Rolling Stones to play free concert for Cuba

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Music legend, The Rolling Stones

Music legend, The Rolling Stones

LONDON: The Rolling Stones announced a free concert in Cuba in what is likely to be one of the biggest shows ever both for the island and the rock legends.

The March 25 concert will take place four days after a historic visit by US President Barack Obama, a powerful sign that the communist state is joining the global mainstream after decades of tension with Washington.

The Rolling Stones will play their first-ever concert in Cuba at the open-air sports complex Ciudad Deportiva in the capital Havana.

“We have performed in many special places during our long career but this show in Havana is going to be a landmark event for us, and, we hope, for all our friends in Cuba too,” the band said in a statement.


Cuba has a famously rich musical heritage but revolutionary leader Fidel Castro banned rock and roll in 1961, fearing a degenerate influence from the US-born art form.

The island eventually relaxed its ban but missed the full force of the “British invasion” by bands such as The Rolling Stones and The Beatles.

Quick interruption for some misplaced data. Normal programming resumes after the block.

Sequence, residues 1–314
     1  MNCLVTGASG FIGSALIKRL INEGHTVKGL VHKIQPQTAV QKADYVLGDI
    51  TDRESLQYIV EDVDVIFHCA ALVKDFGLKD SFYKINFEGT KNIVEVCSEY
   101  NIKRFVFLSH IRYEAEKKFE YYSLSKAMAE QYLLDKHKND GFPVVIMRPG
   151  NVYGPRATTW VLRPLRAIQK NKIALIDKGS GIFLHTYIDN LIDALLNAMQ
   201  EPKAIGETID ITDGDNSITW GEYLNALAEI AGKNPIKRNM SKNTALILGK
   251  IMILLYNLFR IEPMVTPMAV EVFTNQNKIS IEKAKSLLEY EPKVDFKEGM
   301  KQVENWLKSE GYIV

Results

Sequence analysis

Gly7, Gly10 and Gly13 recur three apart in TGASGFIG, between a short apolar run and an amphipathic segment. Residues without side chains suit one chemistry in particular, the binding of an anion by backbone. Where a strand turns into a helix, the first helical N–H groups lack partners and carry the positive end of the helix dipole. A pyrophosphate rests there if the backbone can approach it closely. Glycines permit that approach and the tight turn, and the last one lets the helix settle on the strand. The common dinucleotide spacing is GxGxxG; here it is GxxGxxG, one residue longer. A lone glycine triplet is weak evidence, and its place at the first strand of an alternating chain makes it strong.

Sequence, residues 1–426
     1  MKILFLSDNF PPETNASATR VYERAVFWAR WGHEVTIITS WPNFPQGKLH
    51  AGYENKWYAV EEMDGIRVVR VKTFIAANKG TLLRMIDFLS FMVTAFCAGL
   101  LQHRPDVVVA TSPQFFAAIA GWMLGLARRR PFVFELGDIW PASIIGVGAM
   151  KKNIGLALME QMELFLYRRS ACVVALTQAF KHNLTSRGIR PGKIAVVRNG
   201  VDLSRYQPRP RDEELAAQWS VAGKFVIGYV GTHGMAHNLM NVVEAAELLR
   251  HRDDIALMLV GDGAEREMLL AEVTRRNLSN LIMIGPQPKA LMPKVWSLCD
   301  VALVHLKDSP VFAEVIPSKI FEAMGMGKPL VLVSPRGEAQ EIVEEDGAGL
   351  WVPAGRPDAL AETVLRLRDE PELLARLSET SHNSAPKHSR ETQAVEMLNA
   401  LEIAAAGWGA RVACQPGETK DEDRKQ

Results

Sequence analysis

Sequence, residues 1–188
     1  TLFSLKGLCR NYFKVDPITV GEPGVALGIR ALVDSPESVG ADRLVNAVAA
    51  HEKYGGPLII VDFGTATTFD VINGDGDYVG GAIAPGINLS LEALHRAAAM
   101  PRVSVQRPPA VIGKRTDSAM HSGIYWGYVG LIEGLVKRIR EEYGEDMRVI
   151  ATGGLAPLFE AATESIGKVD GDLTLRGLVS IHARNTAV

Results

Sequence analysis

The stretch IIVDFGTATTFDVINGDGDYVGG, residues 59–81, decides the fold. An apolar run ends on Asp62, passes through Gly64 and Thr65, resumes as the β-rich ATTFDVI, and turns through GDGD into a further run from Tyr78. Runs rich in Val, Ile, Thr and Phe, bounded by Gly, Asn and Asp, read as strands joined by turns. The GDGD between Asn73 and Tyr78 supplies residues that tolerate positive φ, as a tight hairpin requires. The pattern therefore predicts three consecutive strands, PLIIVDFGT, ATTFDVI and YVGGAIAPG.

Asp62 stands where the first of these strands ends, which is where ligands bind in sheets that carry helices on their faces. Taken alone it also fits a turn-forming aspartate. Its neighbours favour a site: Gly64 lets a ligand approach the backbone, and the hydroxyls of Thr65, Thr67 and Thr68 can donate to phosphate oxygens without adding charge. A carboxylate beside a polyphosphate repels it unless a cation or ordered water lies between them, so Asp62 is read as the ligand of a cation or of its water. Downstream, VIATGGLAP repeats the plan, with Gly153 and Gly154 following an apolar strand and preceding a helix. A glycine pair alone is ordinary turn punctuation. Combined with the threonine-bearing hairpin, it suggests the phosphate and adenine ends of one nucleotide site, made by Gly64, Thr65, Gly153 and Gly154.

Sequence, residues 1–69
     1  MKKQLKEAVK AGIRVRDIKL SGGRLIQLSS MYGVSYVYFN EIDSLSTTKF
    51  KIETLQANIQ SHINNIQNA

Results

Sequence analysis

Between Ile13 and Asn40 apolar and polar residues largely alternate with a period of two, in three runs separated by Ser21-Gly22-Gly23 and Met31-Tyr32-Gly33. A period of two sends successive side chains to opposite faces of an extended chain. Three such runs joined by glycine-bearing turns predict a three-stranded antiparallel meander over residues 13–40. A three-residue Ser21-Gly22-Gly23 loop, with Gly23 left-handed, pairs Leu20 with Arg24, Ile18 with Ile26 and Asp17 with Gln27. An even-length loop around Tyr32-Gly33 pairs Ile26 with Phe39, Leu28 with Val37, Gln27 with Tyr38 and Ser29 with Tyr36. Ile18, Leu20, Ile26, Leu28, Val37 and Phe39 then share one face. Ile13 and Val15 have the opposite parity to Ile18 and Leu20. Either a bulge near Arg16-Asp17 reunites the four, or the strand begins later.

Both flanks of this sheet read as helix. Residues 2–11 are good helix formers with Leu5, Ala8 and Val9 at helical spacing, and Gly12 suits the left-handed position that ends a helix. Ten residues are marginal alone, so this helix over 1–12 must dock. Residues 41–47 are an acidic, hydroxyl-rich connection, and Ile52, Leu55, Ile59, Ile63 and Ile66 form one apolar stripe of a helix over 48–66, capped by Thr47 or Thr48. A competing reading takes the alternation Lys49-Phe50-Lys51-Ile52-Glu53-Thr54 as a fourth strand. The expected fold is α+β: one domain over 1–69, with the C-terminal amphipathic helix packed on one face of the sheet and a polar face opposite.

Cuban rock fans had to resort to black-market recordings as Castro railed against youth who listened to “imperialist” music on transistor radios.

Another country off Stones’ list
But Western musicians have increasingly flocked to Cuba in recent years, especially since 2014 when Obama and leader Raul Castro, the ailing Fidel’s brother, launched the reconciliation push.

The Stones’ lead singer Mick Jagger visited Havana in October with one of his sons, fueling speculation that a gig could be imminent.

An AFP journalist spotted the 72-year-old singer attending a concert of Bamboleo, a well-known band of the timba genre, which is similar to salsa.

The Rolling Stones, one of the top-grossing acts in music, have a strong following in Latin America where the band is now touring, with the next show due Wednesday in Porto Alegre, Brazil.

Havana is now the final stop on the tour. The Rolling Stones said they would also use the visit to distribute instruments to Cuban musicians donated by major makers.

The latest tour is also ticking off the list three other countries where the septuagenarian rockers had not previously performed—Colombia, Peru and Uruguay. AFP

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